- The design Draft & Weight
- 25.4 mm shorter ( basically just cutting the last 1" off the bottom of the design keel) using same ballast weight
- Design Draft with 105g bulb.
as I said before I have “trial horses” ready to evaluate the changes against.
With respect to measurement of the shorter keel. If I read the rules correctly I would have to adjust the height of my “boom” so that it still swings freely above the box right? or is there compensation for boats that have reduced draft?
I am planning on Wolfeboro, just trying to firm up how many boats/skippers I’m coming with
I encourage your testing, Nathan, and look forward to your results. I also envy your being able to do some sailing this time of year. My friend Mark and I are developing a couple of simple free-sailing Footys for kids, and we tested at a dock that has bubblers last week. Had to tie a fishing line to the boat so it could be retrieved if it got stuck on the ice 20 feet out, and I almost fell into the lake when I slipped on the snow-covered dock!
From my experience, a one inch change won’t be enough to really notice (maybe try 2 inches less) and I agree with MrP that the very light boat will have tacking issues. You don’t have to change your rig on a short-fin boat…you are allowed to put stuff in the bottom of the measurement box to bring the boat up to the desired level in the box.
Bring friends on May 4…dress them warmly…see you then.
p.s. That’s a really nice-looking boat and rig. Please post more pics.
Thanks for the comments Bill. That’s rig version 2. Rig 3 is lighter, neater and more precise. I’m posting a link to an album I’ve created that I’ll keep uploading pictures to as I take them. Someday soon I’ll get my good camera out and take some higher quality photos and add them to the album.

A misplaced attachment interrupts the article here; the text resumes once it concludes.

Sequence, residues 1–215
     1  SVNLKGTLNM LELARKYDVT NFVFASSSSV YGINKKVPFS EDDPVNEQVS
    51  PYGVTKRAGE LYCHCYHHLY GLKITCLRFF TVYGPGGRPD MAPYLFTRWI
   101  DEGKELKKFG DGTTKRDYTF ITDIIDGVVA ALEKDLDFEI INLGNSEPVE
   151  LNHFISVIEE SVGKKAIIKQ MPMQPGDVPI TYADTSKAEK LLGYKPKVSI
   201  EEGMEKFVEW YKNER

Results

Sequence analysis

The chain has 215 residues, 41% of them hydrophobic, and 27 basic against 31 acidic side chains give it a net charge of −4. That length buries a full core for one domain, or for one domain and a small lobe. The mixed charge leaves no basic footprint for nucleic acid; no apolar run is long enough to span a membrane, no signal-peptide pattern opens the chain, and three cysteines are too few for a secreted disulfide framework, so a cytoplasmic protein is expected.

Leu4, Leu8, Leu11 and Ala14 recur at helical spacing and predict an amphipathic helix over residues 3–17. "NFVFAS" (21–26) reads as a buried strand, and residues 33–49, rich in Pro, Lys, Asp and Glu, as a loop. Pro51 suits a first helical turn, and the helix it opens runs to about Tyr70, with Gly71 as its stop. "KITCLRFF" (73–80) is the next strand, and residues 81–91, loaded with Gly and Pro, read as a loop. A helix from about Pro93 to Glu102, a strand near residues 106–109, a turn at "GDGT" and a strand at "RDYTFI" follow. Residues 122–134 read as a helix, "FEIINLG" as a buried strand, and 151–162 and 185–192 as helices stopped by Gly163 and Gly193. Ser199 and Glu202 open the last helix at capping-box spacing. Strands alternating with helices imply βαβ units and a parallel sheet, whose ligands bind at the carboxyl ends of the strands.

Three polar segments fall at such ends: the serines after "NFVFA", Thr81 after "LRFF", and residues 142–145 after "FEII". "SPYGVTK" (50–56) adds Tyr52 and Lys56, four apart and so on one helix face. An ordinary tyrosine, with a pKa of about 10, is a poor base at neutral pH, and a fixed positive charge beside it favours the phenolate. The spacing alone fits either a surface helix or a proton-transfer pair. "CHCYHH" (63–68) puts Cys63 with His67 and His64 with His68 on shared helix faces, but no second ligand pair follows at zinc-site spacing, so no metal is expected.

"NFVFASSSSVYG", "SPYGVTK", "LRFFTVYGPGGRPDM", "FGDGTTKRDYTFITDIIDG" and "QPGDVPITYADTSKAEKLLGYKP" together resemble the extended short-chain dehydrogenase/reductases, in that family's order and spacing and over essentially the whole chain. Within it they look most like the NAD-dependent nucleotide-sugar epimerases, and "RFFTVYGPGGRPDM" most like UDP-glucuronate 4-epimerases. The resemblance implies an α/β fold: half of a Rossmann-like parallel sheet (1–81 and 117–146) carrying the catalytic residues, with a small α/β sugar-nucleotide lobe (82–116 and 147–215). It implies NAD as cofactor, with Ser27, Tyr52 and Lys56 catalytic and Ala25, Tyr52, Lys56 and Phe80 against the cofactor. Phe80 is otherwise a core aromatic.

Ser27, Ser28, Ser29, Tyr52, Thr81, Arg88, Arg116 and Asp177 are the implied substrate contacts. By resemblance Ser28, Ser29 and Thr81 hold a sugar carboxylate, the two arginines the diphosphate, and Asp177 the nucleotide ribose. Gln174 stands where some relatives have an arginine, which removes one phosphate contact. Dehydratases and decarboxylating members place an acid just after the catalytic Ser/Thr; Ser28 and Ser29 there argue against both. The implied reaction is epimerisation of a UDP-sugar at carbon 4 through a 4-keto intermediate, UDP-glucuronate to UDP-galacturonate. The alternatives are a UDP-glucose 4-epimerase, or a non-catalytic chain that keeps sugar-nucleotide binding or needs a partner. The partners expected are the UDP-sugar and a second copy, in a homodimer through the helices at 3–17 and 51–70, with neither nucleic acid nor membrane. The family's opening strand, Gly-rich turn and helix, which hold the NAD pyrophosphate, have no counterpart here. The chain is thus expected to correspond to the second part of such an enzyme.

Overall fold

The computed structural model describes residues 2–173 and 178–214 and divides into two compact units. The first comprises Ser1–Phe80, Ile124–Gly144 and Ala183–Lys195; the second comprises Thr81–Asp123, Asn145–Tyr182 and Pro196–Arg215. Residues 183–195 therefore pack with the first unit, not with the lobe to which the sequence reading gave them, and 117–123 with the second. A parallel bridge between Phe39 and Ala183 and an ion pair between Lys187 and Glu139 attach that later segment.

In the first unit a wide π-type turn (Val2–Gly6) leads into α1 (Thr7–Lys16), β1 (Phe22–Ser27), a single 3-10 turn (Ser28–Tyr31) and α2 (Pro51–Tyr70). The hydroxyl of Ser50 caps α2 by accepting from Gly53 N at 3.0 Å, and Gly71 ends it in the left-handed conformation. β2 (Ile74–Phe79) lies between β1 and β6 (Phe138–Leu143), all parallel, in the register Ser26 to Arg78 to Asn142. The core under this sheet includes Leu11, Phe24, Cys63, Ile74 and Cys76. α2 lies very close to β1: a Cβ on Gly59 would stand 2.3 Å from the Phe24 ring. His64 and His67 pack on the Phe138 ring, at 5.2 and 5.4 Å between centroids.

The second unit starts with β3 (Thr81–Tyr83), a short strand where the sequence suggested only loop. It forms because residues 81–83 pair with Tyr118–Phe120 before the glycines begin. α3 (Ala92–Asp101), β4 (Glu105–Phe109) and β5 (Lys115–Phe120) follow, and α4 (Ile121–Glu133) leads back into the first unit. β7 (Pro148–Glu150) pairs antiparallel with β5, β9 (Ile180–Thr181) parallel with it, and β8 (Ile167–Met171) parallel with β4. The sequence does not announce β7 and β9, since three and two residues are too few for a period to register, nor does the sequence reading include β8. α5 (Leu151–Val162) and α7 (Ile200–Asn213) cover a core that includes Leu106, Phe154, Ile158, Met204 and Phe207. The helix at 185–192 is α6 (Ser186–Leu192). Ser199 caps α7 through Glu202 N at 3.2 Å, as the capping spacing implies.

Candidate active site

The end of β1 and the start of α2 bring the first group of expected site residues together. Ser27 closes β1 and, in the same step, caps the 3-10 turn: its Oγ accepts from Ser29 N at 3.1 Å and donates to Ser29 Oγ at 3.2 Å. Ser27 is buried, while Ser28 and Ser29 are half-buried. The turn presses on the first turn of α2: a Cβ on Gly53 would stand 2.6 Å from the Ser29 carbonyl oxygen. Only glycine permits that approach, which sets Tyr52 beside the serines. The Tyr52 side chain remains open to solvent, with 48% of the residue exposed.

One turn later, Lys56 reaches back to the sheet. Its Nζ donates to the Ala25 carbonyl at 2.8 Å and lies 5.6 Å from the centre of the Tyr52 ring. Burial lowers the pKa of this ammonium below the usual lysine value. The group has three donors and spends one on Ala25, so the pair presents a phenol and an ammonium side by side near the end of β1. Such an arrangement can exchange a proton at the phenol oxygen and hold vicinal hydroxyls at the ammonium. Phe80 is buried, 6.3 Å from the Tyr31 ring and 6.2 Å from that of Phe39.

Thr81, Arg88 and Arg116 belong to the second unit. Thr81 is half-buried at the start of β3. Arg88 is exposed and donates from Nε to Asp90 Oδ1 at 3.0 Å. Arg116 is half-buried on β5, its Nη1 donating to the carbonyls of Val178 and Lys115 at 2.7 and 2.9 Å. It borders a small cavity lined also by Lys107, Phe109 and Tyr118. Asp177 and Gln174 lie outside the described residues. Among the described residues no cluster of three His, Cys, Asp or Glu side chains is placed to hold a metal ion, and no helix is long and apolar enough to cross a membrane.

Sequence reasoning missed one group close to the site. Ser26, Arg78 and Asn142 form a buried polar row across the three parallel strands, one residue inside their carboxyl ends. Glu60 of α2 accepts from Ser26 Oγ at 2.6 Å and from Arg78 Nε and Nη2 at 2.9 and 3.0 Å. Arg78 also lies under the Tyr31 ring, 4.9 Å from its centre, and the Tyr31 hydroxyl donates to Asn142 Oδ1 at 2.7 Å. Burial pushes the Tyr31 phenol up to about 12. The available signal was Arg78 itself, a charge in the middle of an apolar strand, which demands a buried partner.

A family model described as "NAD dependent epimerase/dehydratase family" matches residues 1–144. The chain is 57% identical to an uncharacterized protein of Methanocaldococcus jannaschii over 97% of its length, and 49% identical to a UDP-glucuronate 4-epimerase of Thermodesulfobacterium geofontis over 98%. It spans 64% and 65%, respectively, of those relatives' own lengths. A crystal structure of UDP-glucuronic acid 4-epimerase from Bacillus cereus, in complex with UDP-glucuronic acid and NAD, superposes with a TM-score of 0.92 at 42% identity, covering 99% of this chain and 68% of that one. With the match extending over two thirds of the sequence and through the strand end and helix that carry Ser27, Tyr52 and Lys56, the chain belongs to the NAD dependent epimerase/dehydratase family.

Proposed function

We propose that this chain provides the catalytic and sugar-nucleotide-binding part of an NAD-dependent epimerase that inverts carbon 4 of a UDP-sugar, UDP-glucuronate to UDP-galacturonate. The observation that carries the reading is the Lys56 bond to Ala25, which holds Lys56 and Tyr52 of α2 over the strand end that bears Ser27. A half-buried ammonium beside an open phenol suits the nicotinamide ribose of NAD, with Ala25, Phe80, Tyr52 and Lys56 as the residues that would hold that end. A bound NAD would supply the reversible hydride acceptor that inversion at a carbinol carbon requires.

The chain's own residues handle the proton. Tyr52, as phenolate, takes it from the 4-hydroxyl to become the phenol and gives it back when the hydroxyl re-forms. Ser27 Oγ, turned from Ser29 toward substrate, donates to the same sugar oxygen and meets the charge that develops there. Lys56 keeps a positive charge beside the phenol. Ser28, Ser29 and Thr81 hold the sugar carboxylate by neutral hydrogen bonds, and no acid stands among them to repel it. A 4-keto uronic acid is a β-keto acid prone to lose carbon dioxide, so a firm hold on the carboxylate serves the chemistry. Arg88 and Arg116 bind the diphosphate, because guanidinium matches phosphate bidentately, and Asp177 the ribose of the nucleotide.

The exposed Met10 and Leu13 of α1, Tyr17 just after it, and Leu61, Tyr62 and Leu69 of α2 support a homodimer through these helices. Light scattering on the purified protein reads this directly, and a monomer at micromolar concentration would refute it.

The boat in the already posted picture is the first one I built and has had quite a few modifications, it’s carrying the second boats rig/ larger(est) sail, while the real 435 is using rig 3.0 with a B(ish) sail (no numbers).
My keel fin in the picture is built using flat High Impact Polystyrene that has been scored along the leading edge and then folded around a solid 3mm carbon rod. The plastic is then glued to the rod and itself creating the “foil” shape. The whole thing gets covered in a layer of clear packing tape. This is faster to produce than carving cedar, and this shape has better characteristics than the cedar fin of the first boat. With only a single internal spar and the CG of the bulb slightly behind the spar axis, the fin twists a little when the boat heels providing a slight increase in angle of attack.
In this video you can see the two boats sailing. I’m not driving. The trailing boat with numbers on the sail has the ultra high aspect ratio fin (cedar), that and a new skipper I think account for it’s twitchy behavior. My apologies for the blurry video.
MR. P. Thank you for your comments as well. Although I’m suspecting your alternative approach with the 2x draft at half the bulb weight would most likely be worse for the bow down trim in puffs. The projected frontal area of the keel fin would increase by twofold and the centroid of that area would be further down the fin creating a greater moment. So if it really is hydrodynamic friction causing the trim issues this could very well be worse. Although a lot with the behaviour of these little boats doesn’t make sense to me, so who knows!